There is a much-used metaphor of a frog in a pot of water that is slowly being warmed on a burner. So imperceptible the water warming that the lounging frog never jumps for its safety but rather dies from the scalding hot water. If one were to observe this event, our growing unease would likely parallel the rising temperature until we become agitated, even outraged on behalf of the frog. If allowed and the frog still alive, we’d quickly remove the pan from the heat and return the frog to the wild.
Today, moral outrages appear more frequent and accompanied with a passion bordering on rage. An image sparks a need for street justice. Demands are made for dramatic changes. Then life returns to its normal humdrum with school, work, and play taking up most of our day. There is an ebb and flow to this phenomenon, which I’m afraid is accelerating with unknown consequences. Just how hot will the rage get? Will someone, anyone, know when to turn down the burner? So we grow uneasy- agitated. For some, this unease is accompanied by depression and anxiety.
Dysphoria- Dysphoria is a profound state of unease or dissatisfaction. In a psychiatric context, dysphoria may accompany depression, anxiety, or agitation.
Around many dinner tables today, we best not discuss our political opinions. Like walking on eggshells, one poorly phrased sentence can upset the gathering if not the stomach. Uncomfortably, subjects are changed as we search for an antacid. At a more subtle but insidious level, we now sit amongst our own flesh and blood, if so blessed, with a sad question. What has gone wrong?
In 1960, Willmoore Kendall, a Rhodes Scholar, author, and distinguished academic, wrote that “presidential elections cannot become the central ritual of our system without destroying the system.”
Today, nearly everyone we bump into has a story to tell of family dysfunction. Stories abound of political passions held with such certainty as if they are the only essential things of value. Political slogans or campaign signs have replaced the family photo on the proverbial fireplace mantel.
I know a family I dare not ask about the wellbeing of a child. The daughter and mother are no longer speaking. Maybe it was with the son. It doesn’t matter. The differences in their world view had become so profound, ideologies so tightly held, they can no longer be in the presence of each other. They are estranged.
Another tells of his father so insistent on changing a sibling’s mind, he can not let it go. The father has conflated political agreement with respect, and he’s demanding respect. And I know of a grown woman who’s elderly father still browbeats her over who to vote for.
That old belief in the love, strength, and security of having strong family bonds becomes speculation of who will show up for Thanksgiving dinner and who will not. Or who will leave in a huff? Our unease bewilders us, having never considered such a set of circumstances. For some, Thanksgiving, the day that historically celebrates family and our many blessings, will be a time of lament and loneliness. And that is before we consider the accommodations made to the pandemic.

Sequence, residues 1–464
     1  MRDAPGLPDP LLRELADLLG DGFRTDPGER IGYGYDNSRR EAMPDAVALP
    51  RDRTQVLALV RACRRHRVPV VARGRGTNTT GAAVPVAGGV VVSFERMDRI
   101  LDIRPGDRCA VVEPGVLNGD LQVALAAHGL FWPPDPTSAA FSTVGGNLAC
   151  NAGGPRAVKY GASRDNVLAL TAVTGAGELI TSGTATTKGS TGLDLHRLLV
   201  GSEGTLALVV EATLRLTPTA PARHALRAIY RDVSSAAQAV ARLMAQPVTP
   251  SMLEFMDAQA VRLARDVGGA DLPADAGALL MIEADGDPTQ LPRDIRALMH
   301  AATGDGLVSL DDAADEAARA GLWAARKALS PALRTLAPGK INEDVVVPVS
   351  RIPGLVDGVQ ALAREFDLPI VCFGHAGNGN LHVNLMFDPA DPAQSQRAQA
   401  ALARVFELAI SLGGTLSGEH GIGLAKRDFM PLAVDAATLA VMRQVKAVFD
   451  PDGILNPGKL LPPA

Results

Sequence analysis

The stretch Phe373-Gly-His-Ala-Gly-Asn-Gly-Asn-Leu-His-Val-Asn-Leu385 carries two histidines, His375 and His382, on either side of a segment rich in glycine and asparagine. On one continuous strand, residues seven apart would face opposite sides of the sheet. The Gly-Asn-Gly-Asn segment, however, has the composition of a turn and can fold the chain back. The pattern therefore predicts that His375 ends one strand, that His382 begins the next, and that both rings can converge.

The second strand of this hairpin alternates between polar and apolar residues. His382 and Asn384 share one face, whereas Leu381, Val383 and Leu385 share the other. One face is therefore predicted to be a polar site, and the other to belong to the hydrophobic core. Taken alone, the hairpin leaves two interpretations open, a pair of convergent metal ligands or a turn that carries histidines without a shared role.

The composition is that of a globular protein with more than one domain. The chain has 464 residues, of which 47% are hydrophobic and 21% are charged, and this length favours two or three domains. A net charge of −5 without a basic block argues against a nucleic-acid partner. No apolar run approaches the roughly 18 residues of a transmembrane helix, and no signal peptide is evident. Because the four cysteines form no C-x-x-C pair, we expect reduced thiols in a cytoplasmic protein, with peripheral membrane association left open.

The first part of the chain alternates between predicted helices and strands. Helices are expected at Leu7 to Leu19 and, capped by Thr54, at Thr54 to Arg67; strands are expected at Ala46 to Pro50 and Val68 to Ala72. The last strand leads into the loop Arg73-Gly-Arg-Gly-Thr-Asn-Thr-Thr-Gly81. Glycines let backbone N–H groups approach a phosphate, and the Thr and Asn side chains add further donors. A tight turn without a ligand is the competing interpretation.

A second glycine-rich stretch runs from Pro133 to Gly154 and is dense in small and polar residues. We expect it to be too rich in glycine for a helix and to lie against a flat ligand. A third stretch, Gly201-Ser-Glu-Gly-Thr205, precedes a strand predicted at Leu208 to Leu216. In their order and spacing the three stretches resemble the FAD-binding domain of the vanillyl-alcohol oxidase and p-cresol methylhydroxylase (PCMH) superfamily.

It appears that millions of young and some not so young Americans have or are about to severe the cord and suspend with family ties. Angry, misunderstood, and some lounging in self-pity, they now must find affirmation in tribes or communes of the like-minded. They hope meaningful human connections can replace the family unit with a growing number of ‘likes’ and ‘followers.’ It is easy to conflate a ‘like’ on social media with an act of actual caring and a ‘follower’ as a close friend. But genuine caring comes from a different place entirely. It starts from the pain and euphoria of bearing a child that becomes love and duty and shared history, the stuff families are made of. It does not come from a simple ‘click.’ Reliance on social media as our main connection to our fellow human will slowly, imperceptibly, lead to loneliness.
There is ample scientific evidence that ‘loneliness’ leads to premature death. The CDC accumulates data on why people die with studies showing a devastating correlation between loneliness and dementia, heart disease, depression, and suicide. Yet, many don’t recognize their loneliness. It comes upon them slowly, imperceptibly- then it’s too late.
So what has gone wrong? I think what Mr. Kendall wrote way back in 1960 provides a clue. Our culture has become obsessed with believing that presidential politics, and politics in general, is the only thing that matters. I hope he is wrong about it ‘destroying the system,’ but he may be right.
I happen to agree with Mark T. Mitchell, who wrote in a recent essay, “Like all things of significance, the starting point is modest, even seemingly insignificant compared to the scale and noise of our current political circus: we must begin with the places we inhabit. To heal the nation, we must return home.”
I would add that to return to a place of familia tranquility, we all need to take responsibility and examine our own personal contribution to the dysfunction. In an honest act of inner-reflection, may we find the grace necessary to forgive those who have hurt us and the grace to forgive ourselves.
Then, perhaps, we can again enjoy each other’s company.
This Thanksgiving, give thanks for all the important relationships in your life. Then eat and eat some more, and laugh uproariously! For it was C.S. Lewis who wrote, “Humour is…the all-consoling and…the all-excusing, grace of life.”